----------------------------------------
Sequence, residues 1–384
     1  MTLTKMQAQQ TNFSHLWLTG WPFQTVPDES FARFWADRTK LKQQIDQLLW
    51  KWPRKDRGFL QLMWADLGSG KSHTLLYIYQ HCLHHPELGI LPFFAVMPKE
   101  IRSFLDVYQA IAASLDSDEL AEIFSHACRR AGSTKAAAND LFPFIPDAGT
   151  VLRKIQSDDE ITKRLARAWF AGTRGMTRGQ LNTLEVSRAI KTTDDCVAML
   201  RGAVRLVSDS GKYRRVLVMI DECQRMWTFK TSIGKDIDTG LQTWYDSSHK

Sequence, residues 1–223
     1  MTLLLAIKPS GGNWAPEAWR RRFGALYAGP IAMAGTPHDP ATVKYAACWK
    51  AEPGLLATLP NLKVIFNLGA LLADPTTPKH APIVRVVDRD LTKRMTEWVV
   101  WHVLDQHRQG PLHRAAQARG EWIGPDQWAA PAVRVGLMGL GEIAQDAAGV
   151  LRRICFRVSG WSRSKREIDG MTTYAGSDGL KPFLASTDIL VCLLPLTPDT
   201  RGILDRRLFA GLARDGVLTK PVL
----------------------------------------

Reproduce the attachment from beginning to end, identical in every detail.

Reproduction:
Sequence, residues 1–384
     1  MTLTKMQAQQ TNFSHLWLTG WPFQTVPDES FARFWADRTK LKQQIDQLLW
    51  KWPRKDRGFL QLMWADLGSG KSHTLLYIYQ HCLHHPELGI LPFFAVMPKE
   101  IRSFLDVYQA IAASLDSDEL AEIFSHACRR AGSTKAAAND LFPFIPDAGT
   151  VLRKIQSDDE ITKRLARAWF AGTRGMTRGQ LNTLEVSRAI KTTDDCVAML
   201  RGAVRLVSDS GKYRRVLVMI DECQRMWTFK TSIGKDIDTG LQTWYDSSHK

Sequence, residues 1–223
     1  MTLLLAIKPS GGNWAPEAWR RRFGALYAGP IAMAGTPHDP ATVKYAACWK
    51  AEPGLLATLP NLKVIFNLGA LLADPTTPKH APIVRVVDRD LTKRMTEWVV
   101  WHVLDQHRQG PLHRAAQARG EWIGPDQWAA PAVRVGLMGL GEIAQDAAGV
   151  LRRICFRVSG WSRSKREIDG MTTYAGSDGL KPFLASTDIL VCLLPLTPDT
   201  RGILDRRLFA GLARDGVLTK PVL